How to be an Online Star: A Guide to Managing Reviews
| March 13th 2015
Would you buy something or use a service without checking a review? These days it’s unlikely you’ll do either.
If you’re a website owner who’s packed out your site with a stream of testimonials, all of them positive, then the news is that most visitors are going to be highly sceptical. 100% positive feedback just isn’t natural, and the fact that the only place they can read about you is on a site where you have full control over what appears there, is not going to help your cause.
Consumers place more trust in third party reviews
Whilst online reviews and ratings can be something of a worry due to the lack of control, it has to be said that people are going to trust third party comments a lot more than what they read on your own website. Of course criticism can be damaging, but there are ways to deal with it.
The Google Star Rating system is a relatively new way to achieve online feedback that’s trusted, and it can help to boost your rankings too. All you need to do is submit a business profile to Google My Business and opt to allow Google to search for review snippets and bring them back into the search results. It’s free to set up and maintain.
It’s important to realise though that Google will search for ratings and reviews from an array of places, such as Yelp and local directories, and then work out an overall rating based on average star ratings in all these places. So you’re going to have absolutely no control over what people see.
Don’t let lack of control put you off
If this worries you because you’re concerned people may be turned off when they see the odd less than positive review, stop and think about what we said at the start of this post: 100% positive reviews aren’t generally trusted.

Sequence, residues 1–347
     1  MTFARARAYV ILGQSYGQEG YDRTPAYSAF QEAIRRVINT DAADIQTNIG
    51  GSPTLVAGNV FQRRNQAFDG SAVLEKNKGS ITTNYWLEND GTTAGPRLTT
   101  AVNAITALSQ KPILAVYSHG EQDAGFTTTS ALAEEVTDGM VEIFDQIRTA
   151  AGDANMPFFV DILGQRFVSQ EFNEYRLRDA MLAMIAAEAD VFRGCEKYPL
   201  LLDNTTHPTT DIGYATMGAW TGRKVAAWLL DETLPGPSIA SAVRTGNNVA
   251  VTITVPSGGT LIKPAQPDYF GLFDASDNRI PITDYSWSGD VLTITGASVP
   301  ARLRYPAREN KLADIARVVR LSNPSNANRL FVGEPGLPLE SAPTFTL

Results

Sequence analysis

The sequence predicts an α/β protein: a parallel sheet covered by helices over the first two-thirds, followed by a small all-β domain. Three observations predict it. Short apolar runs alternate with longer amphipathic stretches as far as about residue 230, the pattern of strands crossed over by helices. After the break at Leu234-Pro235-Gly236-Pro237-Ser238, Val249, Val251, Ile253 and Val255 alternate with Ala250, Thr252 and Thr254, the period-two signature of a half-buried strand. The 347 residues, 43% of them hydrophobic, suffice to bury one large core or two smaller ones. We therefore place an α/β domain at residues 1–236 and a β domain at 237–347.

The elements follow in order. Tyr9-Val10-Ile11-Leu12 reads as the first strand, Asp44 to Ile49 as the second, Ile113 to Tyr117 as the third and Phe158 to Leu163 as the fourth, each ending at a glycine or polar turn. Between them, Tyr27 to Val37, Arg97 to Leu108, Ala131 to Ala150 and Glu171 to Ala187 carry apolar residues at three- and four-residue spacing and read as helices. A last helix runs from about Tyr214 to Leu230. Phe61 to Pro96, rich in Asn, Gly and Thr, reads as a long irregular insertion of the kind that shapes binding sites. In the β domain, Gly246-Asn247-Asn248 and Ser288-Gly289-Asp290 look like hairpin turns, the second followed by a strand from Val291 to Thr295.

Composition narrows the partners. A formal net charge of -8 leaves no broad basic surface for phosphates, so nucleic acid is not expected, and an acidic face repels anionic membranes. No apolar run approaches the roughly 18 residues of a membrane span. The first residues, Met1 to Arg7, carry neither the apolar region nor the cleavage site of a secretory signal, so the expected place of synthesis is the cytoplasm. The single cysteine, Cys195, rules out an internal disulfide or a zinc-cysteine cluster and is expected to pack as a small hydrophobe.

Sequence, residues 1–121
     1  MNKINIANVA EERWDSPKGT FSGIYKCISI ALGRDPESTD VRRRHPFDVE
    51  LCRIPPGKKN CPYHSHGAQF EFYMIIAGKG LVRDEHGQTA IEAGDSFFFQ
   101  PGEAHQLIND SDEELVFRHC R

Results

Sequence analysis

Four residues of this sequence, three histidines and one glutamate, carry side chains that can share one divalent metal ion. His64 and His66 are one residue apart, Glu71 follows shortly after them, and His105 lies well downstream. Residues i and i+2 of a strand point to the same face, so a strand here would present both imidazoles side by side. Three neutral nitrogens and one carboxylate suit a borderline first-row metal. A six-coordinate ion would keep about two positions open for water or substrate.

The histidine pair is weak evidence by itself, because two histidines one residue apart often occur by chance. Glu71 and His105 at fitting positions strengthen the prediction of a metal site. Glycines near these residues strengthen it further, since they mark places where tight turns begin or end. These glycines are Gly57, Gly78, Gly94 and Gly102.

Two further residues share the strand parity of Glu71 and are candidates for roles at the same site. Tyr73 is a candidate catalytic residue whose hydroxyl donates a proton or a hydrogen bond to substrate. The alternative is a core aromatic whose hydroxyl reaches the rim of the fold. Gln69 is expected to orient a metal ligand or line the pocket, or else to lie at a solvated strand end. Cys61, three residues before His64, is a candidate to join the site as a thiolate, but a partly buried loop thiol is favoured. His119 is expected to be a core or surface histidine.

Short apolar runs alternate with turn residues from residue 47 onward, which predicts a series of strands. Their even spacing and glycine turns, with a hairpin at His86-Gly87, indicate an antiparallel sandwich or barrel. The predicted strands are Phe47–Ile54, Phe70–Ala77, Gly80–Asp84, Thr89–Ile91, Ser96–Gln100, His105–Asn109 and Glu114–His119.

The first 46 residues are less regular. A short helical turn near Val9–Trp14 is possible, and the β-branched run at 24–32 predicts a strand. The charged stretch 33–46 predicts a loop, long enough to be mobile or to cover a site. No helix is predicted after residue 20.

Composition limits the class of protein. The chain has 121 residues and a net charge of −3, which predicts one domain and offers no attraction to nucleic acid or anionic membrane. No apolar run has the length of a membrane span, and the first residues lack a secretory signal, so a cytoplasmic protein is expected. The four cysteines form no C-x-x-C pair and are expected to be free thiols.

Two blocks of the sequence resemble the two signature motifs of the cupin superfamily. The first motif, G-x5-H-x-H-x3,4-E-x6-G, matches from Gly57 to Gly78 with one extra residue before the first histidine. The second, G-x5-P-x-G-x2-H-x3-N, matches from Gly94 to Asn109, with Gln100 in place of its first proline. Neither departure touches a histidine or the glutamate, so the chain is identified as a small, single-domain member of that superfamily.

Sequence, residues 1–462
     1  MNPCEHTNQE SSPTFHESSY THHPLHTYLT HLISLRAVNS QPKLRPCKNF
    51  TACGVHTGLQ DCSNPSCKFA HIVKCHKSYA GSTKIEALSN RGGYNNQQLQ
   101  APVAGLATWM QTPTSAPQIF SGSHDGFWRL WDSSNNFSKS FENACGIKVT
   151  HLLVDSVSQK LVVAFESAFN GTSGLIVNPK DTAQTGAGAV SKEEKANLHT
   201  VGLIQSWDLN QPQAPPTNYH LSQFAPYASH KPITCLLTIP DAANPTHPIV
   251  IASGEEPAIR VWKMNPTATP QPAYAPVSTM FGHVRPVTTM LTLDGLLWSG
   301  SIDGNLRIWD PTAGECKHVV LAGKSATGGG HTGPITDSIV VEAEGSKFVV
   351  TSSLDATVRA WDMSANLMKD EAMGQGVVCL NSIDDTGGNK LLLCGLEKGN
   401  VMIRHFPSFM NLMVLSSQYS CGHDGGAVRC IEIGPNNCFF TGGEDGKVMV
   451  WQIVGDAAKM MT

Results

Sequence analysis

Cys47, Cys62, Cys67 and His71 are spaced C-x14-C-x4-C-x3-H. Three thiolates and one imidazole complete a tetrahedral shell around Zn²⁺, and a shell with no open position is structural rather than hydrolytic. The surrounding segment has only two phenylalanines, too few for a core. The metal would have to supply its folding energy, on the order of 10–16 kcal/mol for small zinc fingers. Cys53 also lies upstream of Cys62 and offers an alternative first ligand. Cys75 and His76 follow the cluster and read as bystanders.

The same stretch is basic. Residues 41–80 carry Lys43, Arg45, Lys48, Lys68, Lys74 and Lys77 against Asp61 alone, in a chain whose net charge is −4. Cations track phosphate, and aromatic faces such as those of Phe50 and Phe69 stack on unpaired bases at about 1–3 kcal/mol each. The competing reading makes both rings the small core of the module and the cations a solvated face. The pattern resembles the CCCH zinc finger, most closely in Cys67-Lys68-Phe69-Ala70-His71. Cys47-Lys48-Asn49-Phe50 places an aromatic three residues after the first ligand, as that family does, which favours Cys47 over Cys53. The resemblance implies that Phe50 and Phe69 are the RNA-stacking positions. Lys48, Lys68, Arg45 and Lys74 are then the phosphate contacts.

Consumers generally just want peace of mind that they can trust your service. Providing they see a decent amount of positive feedback, they should feel comfortable enough to go ahead with their purchase or booking. In fact, impartial and balanced views will probably work more in your favour than a static list of all-singing praise on your website.
That way you can contact your customers personally via the service and ask them for their feedback, and then deal directly with anything that’s less than positive so that other customers can see you are being reactive. There is a charge for these services, but they are well managed and integrate with your website and online platforms and take care of contacting your customers on your behalf, so saving you time.
The good thing about such reviews is that they’re trusted because people know only ‘real’ customers are allowed to comment, unlike platforms such as TripAdvisor where anyone can post reviews, even though they may never have used a service.